Tuesday, August 28, 2012
Neighbors (1981, John G. Avildsen) got a bad rap when it was released, and with the benefit of hindsight, one can see why. It was based on a troubling book by a noted “literary” author. The screenplay was by comic genius Larry Gelbart, but he complained that the filmmakers took too many liberties with his script. Stars John Belushi and Dan Aykroyd complained that director Avildsen (Rocky, Blue Thunder) had no comedic sensibilities and actively tried to have him replaced. Avildsen complained that the soundtrack music by the punk band Fear, which Belushi had insisted upon, did not fit the rhythm or tone of his film and so hired Tom Conti to write more suitable music. Fans of the two SNL stars complained that they were both playing against type, having switched roles during pre-production: Belushi would play the “normal” neighbor Earl Keese, and Dan Aykroyd would play the flamboyant, crude Vic.
Complaints, complaints, complaints.
All of those whiners can bite my substantial ass, because I love this movie. Time has been kind to Neighbors. Most amateur reviewers on IMDB and Amazon Instant Video tend to start their reviews the same way, with some variation of “I thought I was the only person who ever loved this film.” Looking at it now, I see a funny, offbeat film unlike any other comedy. Although admittedly it is a film with problems, the laughs outweigh the quibbles.
Did I mention the weird electrical towers?
It is true that the Thomas Berger novel on which the film is based is much darker, but for a movie made in Hollywood at the beginning of the Reagan Era of Enforced Happiness and Smiles, I am constantly surprised by how much darkness the film gets away with. Also, and I nearly forgot this: the film came out at Christmas! I would prefer the book’s ending – which includes (SPOILERS) not only destruction, but also destruction followed by abject abandonment. (I wonder if they ever shot the original ending. If so, it would make a helluva bonus feature on a full-fledged special edition DVD. I would buy two!)
The actors are all grand, with at least one performance entering the Hall of the Amazing: Cathy Moriarty gives the performance of her career here (and that is saying something considering the performances she gave in Raging Bull, Soapdish, and Matinee) playing a character we have never seen before. Whenever Moriarty’s Ramona threatens to become a trite stereotype, she takes the character in an unexpected direction.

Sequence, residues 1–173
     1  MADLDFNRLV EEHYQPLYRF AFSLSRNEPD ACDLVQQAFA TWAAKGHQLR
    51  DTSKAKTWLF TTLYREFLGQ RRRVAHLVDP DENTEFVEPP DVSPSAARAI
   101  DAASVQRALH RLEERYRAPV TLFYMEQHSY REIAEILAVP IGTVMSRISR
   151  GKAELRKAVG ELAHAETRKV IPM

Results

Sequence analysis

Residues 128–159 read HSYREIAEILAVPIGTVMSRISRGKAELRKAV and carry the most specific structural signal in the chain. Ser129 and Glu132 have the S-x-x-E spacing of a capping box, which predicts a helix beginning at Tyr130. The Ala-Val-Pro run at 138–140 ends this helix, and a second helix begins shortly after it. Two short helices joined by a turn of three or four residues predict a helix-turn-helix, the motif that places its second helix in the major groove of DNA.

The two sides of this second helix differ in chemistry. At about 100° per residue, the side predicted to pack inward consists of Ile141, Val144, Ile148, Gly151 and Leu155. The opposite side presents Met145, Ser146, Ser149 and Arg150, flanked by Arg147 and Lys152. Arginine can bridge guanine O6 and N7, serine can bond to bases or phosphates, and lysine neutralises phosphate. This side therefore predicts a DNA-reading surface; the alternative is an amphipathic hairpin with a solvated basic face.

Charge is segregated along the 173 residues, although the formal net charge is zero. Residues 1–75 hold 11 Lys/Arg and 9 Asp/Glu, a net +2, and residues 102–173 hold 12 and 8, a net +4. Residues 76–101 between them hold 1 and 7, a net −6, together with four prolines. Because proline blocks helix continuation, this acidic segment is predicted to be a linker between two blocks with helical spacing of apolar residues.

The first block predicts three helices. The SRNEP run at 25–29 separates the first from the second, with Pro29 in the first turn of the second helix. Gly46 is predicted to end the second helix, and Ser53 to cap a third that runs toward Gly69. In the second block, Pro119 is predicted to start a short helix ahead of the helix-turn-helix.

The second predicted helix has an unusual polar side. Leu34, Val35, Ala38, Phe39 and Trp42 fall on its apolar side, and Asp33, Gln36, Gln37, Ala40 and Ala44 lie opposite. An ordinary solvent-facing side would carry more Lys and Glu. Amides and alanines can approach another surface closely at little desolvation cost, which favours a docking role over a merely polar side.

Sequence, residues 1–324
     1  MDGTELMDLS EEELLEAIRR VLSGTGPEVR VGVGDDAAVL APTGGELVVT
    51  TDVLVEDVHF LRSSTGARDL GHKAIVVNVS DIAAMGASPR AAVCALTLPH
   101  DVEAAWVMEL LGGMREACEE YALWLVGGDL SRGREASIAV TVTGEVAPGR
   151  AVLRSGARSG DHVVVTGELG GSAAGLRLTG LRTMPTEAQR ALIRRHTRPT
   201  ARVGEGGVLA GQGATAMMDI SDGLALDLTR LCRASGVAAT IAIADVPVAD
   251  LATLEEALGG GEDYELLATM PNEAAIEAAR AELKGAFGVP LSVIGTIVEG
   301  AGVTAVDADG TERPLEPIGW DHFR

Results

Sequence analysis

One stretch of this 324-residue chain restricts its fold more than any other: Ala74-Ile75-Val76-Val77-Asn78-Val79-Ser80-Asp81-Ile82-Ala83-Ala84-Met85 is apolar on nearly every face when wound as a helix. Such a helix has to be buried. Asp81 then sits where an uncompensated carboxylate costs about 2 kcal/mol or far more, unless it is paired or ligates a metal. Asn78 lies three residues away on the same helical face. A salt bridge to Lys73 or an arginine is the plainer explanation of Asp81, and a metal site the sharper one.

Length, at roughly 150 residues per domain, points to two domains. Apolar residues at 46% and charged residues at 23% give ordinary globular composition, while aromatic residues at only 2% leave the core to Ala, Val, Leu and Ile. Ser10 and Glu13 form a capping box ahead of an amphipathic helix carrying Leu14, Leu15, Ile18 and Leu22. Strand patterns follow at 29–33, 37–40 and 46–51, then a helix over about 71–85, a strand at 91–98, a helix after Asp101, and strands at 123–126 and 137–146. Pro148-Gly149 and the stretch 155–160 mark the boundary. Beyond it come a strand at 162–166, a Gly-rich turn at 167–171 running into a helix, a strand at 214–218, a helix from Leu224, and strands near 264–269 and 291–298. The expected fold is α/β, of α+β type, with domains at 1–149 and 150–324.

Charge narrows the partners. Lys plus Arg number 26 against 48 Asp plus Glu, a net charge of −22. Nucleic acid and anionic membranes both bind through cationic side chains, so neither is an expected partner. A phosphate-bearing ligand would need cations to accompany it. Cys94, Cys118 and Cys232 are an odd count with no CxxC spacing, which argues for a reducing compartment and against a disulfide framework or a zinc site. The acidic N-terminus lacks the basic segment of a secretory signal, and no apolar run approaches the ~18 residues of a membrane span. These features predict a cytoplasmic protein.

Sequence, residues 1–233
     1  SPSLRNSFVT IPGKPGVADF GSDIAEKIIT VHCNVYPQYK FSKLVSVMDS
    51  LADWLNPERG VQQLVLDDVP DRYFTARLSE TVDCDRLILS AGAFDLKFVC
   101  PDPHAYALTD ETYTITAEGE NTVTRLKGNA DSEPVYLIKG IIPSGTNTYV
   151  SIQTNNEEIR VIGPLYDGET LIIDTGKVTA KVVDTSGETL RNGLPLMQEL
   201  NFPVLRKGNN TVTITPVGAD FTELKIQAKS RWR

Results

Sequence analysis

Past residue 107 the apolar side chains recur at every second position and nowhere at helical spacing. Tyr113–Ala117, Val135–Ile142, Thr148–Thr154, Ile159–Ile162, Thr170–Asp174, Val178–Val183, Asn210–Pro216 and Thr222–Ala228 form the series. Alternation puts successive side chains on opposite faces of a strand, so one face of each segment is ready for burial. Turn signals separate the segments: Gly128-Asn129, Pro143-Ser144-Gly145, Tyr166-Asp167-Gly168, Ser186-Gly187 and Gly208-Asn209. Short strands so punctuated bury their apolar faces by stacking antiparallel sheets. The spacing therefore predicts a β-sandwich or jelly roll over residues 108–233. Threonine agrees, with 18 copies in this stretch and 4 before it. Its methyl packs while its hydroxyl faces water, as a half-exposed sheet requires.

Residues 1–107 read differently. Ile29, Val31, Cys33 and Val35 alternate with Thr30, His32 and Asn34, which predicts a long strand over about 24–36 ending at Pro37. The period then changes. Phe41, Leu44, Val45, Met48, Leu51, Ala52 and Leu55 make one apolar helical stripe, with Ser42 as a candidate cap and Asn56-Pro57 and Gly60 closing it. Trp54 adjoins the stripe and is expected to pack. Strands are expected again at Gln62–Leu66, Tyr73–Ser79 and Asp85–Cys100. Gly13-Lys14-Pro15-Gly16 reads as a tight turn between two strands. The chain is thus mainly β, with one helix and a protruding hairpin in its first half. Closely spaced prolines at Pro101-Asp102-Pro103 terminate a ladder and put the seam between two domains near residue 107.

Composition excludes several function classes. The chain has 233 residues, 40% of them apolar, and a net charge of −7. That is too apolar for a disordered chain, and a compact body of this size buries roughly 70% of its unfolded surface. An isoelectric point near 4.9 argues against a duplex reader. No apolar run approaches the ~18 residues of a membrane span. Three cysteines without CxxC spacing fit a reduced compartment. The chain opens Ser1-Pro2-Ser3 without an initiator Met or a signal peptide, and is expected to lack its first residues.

Watching the film now, a viewer would question the original fuss about Aykroyd and Belushi’s decision to switch roles. Aykroyd played lots of lunatics on SNL (he was the “Bass-O-Matic” pitchman, for God’s sake) so it should not have seemed like that big a stretch. Sure, Belushi was known for crazy, drunken Bluto from Animal House and crazy, drunken Bill Kelso from 1941, but his fans must surely have been familiar with some of the nebbishes and dads he played in SNL skits; his “Henry Brock of H.L. Brock” in this sketch is virtually a template for Neighbors’ Earl Keese.
One of my favorite scenes involves an angry Vic interrogating a very frightened Earl about an incident involving Vic’s wife. Seems at one point Ramona was only wearing a towel and when she drops it, Earl sees her in the altogether. A steely-eyed Vic asks, “Did the towel drop, Earl, or did you PSYCHICALLY WILL IT TO FALL?” That one line stays with me for some reason, more than 30 years later.
The Tom Conti score, though, is a definite liability. It is almost as if studio heads, fearing audiences would not “get it” because the material here frequently is so dark, gave copious notes to Conti to “lighten it up” and “underscore the joke” and “insult the audience’s intelligence on a regular basis.” I have read that a score that too closely follows the action on the screen is known in the biz as “Mickey Mousing.” But this score goes way beyond that – this score is just goofy. And by “goofy” I mean it is Goofy… fucking Mickey Mouse… in a mouse hole… a mouse hole made of music.
I cannot understand why this film is only available as a Columbia MOD title or on Amazon Instant Video. Surely the Belushi credit alone warrants a legitimate release. How many damn movies did he make?
Hey, F-Heads! Are there films you love that you feel not enough people know about? Why not tell me? Write about them in the comments section below. I will not write about them, of course, but I will keep your secret!